BELLAIRE – Classes resumed Thursday at Bellaire High School after a shooting killed a 19-year-old student, identified as Cesar Cortes.
New safety guidelines
In the wake of the shooting, school officials decided to implement some new, more stringent safety rules on the campus.
Until further notice, all students will enter the building through a single-entry point, according to Bellaire High School Principal Michael McDonough.
This process began at 7:15 a.m. through the entrance on Maple Street at the Circle Drive. Upon entry, students were required to have their bags reviewed by the school’s administration.
“This means that all student backpacks, purses, gym bags and other bags must be opened by the student so that administrators can view the contents,” McDonough said.
Bellaire plans to have a regular class schedule, including all seven class periods. During lunch, the campus will be closed, and all students -- namely juniors and seniors who could previously leave for lunch -- will be required to remain on-site.
To support the students and staff, the Houston Independent School District is sending additional counselors. HISD police officers and school administrators will also be patrolling the campus.
“These are initial precautions and more long-term, sustainable changes are being developed by the school safety and security committee,” McDonough said. “I thank you for your continued support.”
Back to school...and reality
The line wrapped around the building Thursday morning as police directed students on the new protocol. Parents and students expressed feeling fear, sadness and frustration over what happened Tuesday.
“It’s not a normal day," said senior Avant’e Francis. “It’s never a normal day.”
“This line right here is very idiotic," said parent Frank Farrel. “It’s too late.”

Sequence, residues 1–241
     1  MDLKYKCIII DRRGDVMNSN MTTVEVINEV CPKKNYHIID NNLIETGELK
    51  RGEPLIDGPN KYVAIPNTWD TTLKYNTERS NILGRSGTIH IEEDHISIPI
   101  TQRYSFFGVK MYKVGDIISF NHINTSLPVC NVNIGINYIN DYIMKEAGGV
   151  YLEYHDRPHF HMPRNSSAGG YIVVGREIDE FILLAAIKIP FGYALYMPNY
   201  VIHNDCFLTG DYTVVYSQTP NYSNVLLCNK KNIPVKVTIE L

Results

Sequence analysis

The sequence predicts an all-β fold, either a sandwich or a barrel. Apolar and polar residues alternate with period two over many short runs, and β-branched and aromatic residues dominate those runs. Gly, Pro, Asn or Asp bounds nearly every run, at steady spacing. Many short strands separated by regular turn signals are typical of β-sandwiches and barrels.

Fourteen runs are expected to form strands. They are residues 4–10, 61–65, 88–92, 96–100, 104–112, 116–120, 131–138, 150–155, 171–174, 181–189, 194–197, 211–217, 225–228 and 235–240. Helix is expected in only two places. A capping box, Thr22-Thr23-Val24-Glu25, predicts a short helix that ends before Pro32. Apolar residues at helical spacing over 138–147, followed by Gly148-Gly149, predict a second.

Many students said it was a difficult day and a hard situation to get over. Luis Garcia, a senior, was friends with the victim and the shooter.
“One of them got shot and died at the hospital," Garcia said. “It really hurt, to be honest.”
Some parents expressed concern over HISD’s leadership, saying the district knew of concerns over weapons and school safety and did not act in time.
“I feel like the school dropped the ball because this isn’t the first time they found a gun on campus," said parent Viviana Ramirez. “It’s the fourth.”
Other students questioned just how effective the changes will be and how safe they are.
“I think it’s only going to be going on for like a week or two weeks and then back to normal...and back to the same stuff," Francis said.
Movements led by Students
Students Demand Action, a student-led group at Bellaire High School, are planning a demonstration and rally Friday at 3:30 p.m. at the HISD headquarters.
The group released a statement that said:
“We are rallying in front of HISD headquarters in response to their lack of transparency after multiple firearms were found on the Bellaire HS campus. Although the disturbing event of finding a lethal weapon on campus is not exclusive to Bellaire, it is at BHS that we found the lack of transparency surrounding this event to have fatal consequences. Bellaire’s chapter of Students Demand Action asked repeatedly for information regarding how the guns were acquired, if the guns were fired and whether the parents of the children carrying on campus were charged for their negligence. HISD refused to release the information. If HISD had used the charges brought against the parents as a deterrent for other parents who avoid safely storing their firearms, the shooter’s parents might have kept the gun out of his hands."